Laguna Mountains

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This article is about the mountain range in San Diego County, California. For the mountain range in southwest Arizona, see Laguna Mountains (Arizona). For the recreation area in San Benito County, California, see Laguna Mountain Recreation Area.
Laguna Mountains
SoCal Coast.jpg
Laguna Mountains, south of Palomar Mountain and
Elsinore Fault
Highest point
Peak Cuyapaipe Mountain
Elevation 1,944 m (6,378 ft)
Coordinates 32°50′21″N 116°24′01″W / 32.83920°N 116.4003°W / 32.83920; -116.4003
Geography
Laguna Mountains is located in California
Laguna Mountains
Location of Laguna Mountains in California [1]
Country United States
State California
District San Diego County
Range coordinates 32°48′30″N 116°26′57″W / 32.8084°N 116.4492°W / 32.8084; -116.4492Coordinates: 32°48′30″N 116°26′57″W / 32.8084°N 116.4492°W / 32.8084; -116.4492
Topo map USGS Mount Laguna

The Laguna Mountains are a section of the Peninsular Ranges in eastern San Diego County, California. The mountains run in a northwest/southeast alignment for approximately 20 miles (32 km).

The Laguna Mountains are bordered by the Cuyamaca Mountains area on the west and the Colorado Desert on the east, where the mountains form a steep escarpment along the Laguna Salada Fault. To the north the Laguna Mountains are bounded by the Elsinore Fault Zone and to the south by Cameron Valley and Thing Valley. The highest point is Cuyapaipe Mountain at 6,378 feet (1,944 m). The mountains are largely contained within the Cleveland National Forest. Snow falls on the highest peaks several times a year. Mount Laguna is a village in the Laguna Mountains with a population of about 80.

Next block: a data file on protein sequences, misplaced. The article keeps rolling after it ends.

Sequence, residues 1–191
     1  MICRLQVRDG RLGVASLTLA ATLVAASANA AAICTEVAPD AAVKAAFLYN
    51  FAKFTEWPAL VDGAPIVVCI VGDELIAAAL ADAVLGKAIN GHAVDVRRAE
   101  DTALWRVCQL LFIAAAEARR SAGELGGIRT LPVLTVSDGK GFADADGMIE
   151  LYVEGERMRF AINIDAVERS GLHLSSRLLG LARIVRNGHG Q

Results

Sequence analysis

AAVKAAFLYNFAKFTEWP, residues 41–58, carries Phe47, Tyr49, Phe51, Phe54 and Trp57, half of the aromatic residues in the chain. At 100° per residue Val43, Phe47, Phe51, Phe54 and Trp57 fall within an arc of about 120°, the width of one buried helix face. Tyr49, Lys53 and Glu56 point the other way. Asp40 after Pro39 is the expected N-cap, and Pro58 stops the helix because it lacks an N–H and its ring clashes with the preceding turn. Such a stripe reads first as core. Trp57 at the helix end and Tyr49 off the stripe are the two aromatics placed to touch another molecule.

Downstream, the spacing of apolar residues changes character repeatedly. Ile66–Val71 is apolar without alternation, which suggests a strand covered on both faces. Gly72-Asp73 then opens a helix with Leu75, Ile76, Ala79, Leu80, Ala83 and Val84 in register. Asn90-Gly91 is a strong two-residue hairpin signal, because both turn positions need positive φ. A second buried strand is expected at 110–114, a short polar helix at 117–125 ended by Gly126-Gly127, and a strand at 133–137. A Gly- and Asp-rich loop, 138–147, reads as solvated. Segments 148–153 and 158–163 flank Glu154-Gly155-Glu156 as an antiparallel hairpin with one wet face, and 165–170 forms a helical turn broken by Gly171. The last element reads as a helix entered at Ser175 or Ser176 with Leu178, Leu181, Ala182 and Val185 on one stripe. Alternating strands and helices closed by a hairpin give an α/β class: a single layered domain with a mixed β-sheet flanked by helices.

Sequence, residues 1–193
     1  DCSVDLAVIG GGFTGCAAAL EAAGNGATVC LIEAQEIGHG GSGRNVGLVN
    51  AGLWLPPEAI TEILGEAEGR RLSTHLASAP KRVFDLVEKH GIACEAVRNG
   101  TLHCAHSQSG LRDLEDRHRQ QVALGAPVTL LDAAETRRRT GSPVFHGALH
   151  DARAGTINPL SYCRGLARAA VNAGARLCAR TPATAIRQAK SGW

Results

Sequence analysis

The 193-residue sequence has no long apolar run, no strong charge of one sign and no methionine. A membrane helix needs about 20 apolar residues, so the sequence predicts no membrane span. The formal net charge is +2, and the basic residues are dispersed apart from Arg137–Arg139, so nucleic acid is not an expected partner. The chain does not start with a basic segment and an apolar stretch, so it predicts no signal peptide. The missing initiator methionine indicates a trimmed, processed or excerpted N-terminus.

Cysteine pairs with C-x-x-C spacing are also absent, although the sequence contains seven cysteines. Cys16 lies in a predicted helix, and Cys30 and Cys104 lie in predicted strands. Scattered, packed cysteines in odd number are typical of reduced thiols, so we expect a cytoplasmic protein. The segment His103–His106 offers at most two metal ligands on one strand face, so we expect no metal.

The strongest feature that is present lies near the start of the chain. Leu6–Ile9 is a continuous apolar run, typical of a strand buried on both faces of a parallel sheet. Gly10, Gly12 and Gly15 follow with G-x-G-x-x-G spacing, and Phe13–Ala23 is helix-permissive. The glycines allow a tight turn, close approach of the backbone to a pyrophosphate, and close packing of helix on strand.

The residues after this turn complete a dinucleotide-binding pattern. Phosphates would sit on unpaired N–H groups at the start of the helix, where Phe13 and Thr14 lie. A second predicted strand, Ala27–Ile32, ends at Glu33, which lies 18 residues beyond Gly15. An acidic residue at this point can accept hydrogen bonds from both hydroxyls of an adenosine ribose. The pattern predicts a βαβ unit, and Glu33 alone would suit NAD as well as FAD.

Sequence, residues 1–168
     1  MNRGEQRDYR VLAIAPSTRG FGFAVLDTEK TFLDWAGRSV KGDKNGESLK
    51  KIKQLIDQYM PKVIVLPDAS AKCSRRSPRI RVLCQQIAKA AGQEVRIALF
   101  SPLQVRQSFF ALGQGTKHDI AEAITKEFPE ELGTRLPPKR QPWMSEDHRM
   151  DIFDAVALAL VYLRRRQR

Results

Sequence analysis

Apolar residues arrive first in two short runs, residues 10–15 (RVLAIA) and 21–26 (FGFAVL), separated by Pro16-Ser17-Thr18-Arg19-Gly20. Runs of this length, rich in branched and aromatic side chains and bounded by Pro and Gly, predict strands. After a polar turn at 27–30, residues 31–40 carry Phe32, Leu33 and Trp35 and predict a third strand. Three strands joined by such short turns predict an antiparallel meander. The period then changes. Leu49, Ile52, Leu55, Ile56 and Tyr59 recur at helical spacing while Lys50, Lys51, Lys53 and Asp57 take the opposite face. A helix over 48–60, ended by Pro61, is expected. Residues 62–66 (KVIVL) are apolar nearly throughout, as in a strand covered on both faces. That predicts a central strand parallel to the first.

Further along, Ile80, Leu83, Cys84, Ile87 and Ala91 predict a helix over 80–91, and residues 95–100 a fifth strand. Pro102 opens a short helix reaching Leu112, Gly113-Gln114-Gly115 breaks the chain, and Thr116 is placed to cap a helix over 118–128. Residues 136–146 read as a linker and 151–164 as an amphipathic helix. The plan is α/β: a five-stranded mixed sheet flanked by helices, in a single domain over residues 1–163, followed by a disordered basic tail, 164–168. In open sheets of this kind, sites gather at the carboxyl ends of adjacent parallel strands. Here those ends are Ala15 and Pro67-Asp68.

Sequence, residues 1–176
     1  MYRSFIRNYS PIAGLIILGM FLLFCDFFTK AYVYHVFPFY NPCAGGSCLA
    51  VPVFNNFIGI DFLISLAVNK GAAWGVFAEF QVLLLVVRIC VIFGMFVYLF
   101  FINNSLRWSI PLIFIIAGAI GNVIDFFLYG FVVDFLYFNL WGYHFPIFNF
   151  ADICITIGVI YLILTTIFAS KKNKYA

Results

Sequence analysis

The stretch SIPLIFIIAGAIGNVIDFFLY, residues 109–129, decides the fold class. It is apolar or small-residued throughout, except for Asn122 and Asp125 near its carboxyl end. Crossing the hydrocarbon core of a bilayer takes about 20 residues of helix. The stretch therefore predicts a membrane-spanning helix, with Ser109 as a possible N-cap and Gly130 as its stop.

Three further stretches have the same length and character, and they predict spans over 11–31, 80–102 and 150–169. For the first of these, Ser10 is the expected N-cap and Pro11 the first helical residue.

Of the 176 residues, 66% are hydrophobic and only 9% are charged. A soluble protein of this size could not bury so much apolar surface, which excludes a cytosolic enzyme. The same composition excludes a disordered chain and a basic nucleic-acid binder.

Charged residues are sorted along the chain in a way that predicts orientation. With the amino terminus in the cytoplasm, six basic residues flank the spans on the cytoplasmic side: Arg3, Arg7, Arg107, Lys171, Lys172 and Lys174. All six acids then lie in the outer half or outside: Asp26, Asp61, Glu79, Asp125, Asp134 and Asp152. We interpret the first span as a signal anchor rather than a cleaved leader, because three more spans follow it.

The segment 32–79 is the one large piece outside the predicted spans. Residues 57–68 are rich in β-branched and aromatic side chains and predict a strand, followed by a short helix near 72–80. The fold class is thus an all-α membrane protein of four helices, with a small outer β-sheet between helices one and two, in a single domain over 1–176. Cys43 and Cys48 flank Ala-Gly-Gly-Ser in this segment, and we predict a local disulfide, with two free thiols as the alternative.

The headwaters of three perennial streams begin in the Laguna Mountains: Noble Creek, Cottonwood Creek, and Kitchen Creek.

The Laguna Mountains extend northwest about 35 mi (56 km) from the Mexican border at the Sierra de Juárez range.[2] The Sawtooth Range and In-Ko-Pah Mountains are adjacent to the east. The Santa Rosa Mountains lie further to the northeast.

The mountains have long been inhabited by the Kumeyaay people. Today, the Lagunas are a popular recreation area comprising the southernmost crest along the Pacific Crest Trail.[3] Their relatively high altitude induces the highest snowfall in San Diego County making it one of the few local places to offer snow activities like sledding and snowshoeing.[4]

View from Inspiration Point in the Laguna Mountains towards Anza Borrego Desert State Park on the right and Vallecito Mountains on the left. Chaparral in the foreground, Santa Rosa Mountains in the background.
An observation deck in the Laguna Mountains.

References[edit]

  1. ^ "Laguna Mountains". Geographic Names Information System. United States Geological Survey. Retrieved 2009-05-03. 
  2. ^ "Laguna Mountains". Columbia Gazetteer of North America. Columbia University Press. 2000. Retrieved 2008-12-14. 
  3. ^ "Southern California". Pacific Crest Trail Association. Retrieved 27 February 2015. The PCT begins on a low hill near Campo (elev. 2,915′) [...] and climbs through chaparral, scrub oak and pines to the rim of the Laguna Mountains. 
  4. ^ "Finding Snow in San Diego". San Diego Family. December 2013. Retrieved 27 February 2015. 

External links[edit]